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Greg Schulz

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Part II - NVMe overview and primer (Different Configurations)

Part II - NVMe overview and primer (Different Configurations)

Part II - NVMe overview and primer (Different Configurations)

server storage I/O trends

This is the second in a five-part mini-series providing a primer and overview of NVMe. View companion posts and more material at www.thenvmeplace.com.

The many faces or facets of NVMe configurations

NVMe can be deployed and used in many ways, the following are some examples to show you its flexibility today as well as where it may be headed in the future. An initial deployment scenario is NVMe devices (e.g. PCIe cards, M2 or 8639 drives) installed as storage in servers or as back-end storage in storage systems. Figure 2 below shows a networked storage system or appliance that uses traditional server storage I/O interfaces and protocols for front-end access, however with back-end storage being all NVMe, or a hybrid of NVMe, SAS and SATA devices.
NVMe as back-end server storage I/O interface to NVM
Figure 2 NVMe as back-end server storage I/O interface to NVM storage

A variation of the above is using NVMe for shared direct attached storage (DAS) such as the EMC DSSD D5. In the following scenario (figure 3), multiple servers in a rack or cabinet configuration have an extended PCIe connection that attached to a shared storage all flash array using NVMe on the front-end. Read more about this approach and EMC DSSD D5 here or click on the image below.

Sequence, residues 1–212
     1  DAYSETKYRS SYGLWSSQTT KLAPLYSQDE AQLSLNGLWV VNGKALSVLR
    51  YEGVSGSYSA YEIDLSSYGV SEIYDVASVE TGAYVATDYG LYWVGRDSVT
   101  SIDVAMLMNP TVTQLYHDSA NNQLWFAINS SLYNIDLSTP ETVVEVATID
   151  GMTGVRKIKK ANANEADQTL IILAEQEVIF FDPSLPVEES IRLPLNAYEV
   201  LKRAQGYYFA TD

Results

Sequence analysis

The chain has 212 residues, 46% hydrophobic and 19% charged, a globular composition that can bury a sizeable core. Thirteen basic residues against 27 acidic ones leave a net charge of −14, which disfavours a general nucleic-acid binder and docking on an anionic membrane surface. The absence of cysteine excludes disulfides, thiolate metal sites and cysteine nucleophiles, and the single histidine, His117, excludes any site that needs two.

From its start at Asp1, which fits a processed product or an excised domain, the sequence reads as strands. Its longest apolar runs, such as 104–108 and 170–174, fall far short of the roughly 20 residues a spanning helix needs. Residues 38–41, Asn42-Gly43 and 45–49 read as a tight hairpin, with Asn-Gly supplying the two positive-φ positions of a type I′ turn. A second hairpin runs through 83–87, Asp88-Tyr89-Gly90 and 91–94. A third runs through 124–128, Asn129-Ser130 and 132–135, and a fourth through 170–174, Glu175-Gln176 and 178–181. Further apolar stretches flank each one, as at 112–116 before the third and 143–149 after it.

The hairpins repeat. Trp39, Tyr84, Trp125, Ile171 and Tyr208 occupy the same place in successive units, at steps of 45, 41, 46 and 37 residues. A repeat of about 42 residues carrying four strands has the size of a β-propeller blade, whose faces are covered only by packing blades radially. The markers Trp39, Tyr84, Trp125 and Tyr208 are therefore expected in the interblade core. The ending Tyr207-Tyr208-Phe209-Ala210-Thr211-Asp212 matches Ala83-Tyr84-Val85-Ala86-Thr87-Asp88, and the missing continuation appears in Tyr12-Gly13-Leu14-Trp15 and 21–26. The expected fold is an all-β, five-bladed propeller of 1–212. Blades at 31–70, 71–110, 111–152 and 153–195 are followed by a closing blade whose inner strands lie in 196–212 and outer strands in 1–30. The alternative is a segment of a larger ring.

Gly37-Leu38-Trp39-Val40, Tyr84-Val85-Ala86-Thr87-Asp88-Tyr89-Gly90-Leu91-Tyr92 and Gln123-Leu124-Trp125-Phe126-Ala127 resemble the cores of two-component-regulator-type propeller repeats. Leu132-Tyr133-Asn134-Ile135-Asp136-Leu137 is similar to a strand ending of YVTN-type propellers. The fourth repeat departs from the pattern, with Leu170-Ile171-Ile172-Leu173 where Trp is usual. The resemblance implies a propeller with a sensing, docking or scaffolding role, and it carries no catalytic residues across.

EMC DSSD D5 NVMe
Figure 3 Shared DAS All Flash NVM Storage using NVMe (e.g. EMC DSSD D5)

Next up in figure 4 is a variation of the previous example, except NVMe is implemented over an RDMA (Remote Direct Memory Access) based fabric network using Converged 10GbE/40GbE or InfiniBand in what is known as RoCE (RDMA over Converged Ethernet pronounced Rocky).

NVMe over Fabric RoCE
Figure 4 NVMe as a “front-end” interface for servers or storage systems/appliances

Watch for more topology and configuration options as NVMe along with associated hardware, software and I/O networking tools and technologies emerge over time.

Continue reading about NVMe with Part III (Need for Performance Speed) in this five-part series, or jump to Part I, Part IV or Part V.

Ok, nuff said (for now)

Cheers
Gs

Greg Schulz - Author Cloud and Virtual Data Storage Networking (CRC Press), The Green and Virtual Data Center (CRC Press) and Resilient Storage Networks (Elsevier)
twitter @storageio

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Greg Schulz is founder of the Server and StorageIO (StorageIO) Group, an IT industry analyst and consultancy firm. Greg has worked with various server operating systems along with storage and networking software tools, hardware and services. Greg has worked as a programmer, systems administrator, disaster recovery consultant, and storage and capacity planner for various IT organizations. He has worked for various vendors before joining an industry analyst firm and later forming StorageIO.

In addition to his analyst and consulting research duties, Schulz has published over a thousand articles, tips, reports and white papers and is a sought after popular speaker at events around the world. Greg is also author of the books Resilient Storage Network (Elsevier) and The Green and Virtual Data Center (CRC). His blog is at www.storageioblog.com and he can also be found on twitter @storageio.